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How to Cope with Culture Shock When Teaching in Thailand

Ronald McDonald in Bangkok Thailand
Even Ronald McDonald does the Thai ‘wai’ in Thailand.

How to Cope with Culture Shock When Teaching in Thailand

For thousands of teachers who move to Thailand every year to teach English, all they can think about is how exciting it will be to live in another country and learn about a new culture, while hopefully helping to improve the lives of their students. In reality, what often happens after only a few weeks in Thailand is culture shock. It hits you fast, it hits you hard, and you suddenly find yourself thinking “What on earth am I doing here? I think I need to leave”.

Culture shock in Thailand hit me when I had only been living in Bangkok for two months. By that time, I had finished a 6-week TEFL course and was already looking for a teaching job.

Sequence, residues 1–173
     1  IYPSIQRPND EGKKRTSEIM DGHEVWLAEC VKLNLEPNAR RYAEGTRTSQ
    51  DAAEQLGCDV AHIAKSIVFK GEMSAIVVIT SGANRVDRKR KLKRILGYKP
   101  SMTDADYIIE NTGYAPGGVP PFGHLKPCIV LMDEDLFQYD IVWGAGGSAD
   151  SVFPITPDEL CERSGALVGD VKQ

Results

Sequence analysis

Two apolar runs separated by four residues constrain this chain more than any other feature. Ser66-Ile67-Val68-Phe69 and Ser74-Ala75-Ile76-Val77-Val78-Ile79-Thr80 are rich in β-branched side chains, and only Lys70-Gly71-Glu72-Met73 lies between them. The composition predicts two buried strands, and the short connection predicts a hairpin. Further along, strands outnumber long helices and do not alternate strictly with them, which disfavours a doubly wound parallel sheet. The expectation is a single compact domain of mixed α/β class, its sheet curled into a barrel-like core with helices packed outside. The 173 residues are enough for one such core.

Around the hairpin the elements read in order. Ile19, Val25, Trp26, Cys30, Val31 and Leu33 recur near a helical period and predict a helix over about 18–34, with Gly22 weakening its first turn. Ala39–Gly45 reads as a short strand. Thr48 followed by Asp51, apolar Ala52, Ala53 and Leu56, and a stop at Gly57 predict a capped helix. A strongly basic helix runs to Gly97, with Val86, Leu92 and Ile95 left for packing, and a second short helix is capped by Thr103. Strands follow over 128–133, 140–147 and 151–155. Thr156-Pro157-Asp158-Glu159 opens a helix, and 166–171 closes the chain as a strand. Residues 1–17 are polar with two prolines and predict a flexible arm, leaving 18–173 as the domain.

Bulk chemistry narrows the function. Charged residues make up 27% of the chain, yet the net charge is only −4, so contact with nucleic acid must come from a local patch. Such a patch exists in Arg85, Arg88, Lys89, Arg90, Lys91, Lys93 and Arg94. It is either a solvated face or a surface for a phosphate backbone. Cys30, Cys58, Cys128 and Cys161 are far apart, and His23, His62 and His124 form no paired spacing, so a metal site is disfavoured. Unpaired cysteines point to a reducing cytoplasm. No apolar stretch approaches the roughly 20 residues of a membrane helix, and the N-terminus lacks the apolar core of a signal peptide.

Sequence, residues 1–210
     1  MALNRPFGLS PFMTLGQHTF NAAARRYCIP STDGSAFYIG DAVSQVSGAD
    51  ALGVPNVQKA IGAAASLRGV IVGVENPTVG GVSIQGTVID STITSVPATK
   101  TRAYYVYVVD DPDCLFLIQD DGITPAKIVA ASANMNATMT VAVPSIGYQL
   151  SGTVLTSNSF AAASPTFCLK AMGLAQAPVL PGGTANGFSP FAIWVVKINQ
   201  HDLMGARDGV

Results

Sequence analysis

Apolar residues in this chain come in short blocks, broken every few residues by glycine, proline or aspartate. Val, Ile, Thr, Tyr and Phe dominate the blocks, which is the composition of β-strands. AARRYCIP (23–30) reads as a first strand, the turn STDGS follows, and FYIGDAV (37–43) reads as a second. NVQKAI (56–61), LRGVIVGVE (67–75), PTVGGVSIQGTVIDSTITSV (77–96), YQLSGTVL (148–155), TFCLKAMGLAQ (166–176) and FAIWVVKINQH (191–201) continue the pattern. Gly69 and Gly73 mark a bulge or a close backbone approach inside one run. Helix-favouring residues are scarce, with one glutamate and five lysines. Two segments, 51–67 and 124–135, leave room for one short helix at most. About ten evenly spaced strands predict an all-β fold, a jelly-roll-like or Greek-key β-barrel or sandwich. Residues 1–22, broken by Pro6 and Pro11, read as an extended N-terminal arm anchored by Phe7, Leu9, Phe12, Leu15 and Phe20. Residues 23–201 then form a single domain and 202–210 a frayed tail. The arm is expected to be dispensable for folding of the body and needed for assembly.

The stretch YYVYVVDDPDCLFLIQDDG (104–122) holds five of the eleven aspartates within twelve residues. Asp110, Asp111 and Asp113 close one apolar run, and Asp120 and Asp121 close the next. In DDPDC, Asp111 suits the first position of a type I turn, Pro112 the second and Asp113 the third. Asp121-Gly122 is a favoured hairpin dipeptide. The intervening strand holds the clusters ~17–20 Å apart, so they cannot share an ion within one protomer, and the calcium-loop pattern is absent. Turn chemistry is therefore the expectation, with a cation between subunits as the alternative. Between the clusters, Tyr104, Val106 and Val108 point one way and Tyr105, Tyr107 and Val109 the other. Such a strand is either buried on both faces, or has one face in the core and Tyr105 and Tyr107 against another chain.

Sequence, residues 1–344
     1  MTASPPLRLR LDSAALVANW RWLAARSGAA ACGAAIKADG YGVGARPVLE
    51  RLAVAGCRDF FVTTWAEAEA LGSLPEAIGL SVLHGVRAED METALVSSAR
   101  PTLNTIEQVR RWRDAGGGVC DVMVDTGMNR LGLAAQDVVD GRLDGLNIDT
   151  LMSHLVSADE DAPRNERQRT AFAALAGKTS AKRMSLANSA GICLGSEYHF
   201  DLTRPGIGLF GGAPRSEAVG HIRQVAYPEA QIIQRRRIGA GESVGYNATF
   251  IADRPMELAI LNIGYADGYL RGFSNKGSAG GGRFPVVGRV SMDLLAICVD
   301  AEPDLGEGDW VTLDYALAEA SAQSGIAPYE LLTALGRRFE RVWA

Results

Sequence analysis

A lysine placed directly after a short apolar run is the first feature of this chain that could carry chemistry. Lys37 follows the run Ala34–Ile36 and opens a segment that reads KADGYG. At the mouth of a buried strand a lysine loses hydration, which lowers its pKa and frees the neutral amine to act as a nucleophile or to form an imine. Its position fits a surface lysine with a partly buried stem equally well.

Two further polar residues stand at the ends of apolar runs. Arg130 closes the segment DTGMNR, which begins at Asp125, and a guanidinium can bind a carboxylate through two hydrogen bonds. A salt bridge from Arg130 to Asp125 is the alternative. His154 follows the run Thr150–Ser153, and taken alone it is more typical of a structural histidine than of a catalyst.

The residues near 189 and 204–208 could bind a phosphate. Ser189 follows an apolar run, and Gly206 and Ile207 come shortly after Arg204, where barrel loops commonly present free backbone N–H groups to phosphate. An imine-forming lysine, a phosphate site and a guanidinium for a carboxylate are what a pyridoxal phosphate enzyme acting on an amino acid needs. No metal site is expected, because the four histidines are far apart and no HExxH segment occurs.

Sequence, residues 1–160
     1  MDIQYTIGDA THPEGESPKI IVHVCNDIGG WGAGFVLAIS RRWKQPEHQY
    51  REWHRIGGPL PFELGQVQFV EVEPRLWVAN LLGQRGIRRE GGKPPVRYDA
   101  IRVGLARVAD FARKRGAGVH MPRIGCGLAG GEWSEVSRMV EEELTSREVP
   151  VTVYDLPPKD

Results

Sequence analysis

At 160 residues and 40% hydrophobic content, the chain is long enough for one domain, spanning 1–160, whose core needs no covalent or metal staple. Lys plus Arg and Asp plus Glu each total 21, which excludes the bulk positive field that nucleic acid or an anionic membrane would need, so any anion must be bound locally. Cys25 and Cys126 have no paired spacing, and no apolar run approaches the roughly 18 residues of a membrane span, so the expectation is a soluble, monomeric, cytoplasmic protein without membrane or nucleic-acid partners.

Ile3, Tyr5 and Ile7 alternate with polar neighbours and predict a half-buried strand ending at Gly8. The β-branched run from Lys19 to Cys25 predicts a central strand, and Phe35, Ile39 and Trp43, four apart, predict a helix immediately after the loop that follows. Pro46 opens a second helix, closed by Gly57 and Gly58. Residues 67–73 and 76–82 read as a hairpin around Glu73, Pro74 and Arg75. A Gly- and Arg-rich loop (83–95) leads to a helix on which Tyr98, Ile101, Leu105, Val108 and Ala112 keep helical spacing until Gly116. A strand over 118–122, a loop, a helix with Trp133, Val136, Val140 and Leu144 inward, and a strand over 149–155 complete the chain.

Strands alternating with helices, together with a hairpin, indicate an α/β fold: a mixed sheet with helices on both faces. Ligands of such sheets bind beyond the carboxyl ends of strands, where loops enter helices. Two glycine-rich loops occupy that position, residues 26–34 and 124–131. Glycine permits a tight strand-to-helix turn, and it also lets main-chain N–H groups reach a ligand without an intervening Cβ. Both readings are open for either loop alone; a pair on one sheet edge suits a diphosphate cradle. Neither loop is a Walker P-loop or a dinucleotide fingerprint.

I had a permanent apartment, I’d made some friends, and I had started to find my way around the city. Yet I woke up every morning thinking how much I hated Thailand and how desperate I was to leave. Needless to say, as I still live in Bangkok 12 years later, those feelings of culture shock and hatred of all-things Thai didn’t last long.

There were a few things, however, that I made sure I did to cope with culture shock when teaching in Thailand, so I could settle down and enjoy my new life. Those things may also help you if you too arrive to teach English in Thailand and suddenly start thinking “I hate it here”.

Learn about the culture – Much of the reason many people go through culture shock in Thailand is because of the strangeness of the culture and the people. Strangeness, of course, meaning many things are done differently than we do them in the west and, although incredibly friendly, Thais also behave far differently than westerners do in almost every situation. This can lead to a feeling of “Why are Thais such idiots?” when, in reality, they’re not.